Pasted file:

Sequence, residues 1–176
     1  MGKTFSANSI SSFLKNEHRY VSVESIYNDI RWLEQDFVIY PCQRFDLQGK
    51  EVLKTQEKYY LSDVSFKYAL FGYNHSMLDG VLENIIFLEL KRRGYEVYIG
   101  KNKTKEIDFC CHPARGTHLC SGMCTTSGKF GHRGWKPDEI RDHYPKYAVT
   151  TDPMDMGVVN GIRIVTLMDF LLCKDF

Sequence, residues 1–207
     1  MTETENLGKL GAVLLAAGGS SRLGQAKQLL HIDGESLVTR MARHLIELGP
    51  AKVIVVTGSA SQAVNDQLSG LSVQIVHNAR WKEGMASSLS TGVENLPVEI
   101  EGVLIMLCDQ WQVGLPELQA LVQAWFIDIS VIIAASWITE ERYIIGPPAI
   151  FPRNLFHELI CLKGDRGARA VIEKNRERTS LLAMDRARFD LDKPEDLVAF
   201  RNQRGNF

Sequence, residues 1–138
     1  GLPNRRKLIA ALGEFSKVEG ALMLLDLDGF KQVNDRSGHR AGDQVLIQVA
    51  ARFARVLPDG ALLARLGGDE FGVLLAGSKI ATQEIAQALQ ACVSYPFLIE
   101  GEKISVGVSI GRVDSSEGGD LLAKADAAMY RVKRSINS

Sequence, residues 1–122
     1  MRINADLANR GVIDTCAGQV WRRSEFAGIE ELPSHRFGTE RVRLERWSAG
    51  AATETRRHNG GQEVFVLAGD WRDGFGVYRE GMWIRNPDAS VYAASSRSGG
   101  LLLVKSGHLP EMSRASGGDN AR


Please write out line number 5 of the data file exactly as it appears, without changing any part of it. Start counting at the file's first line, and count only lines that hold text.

   151  TDPMDMGVVN GIRIVTLMDF LLCKDF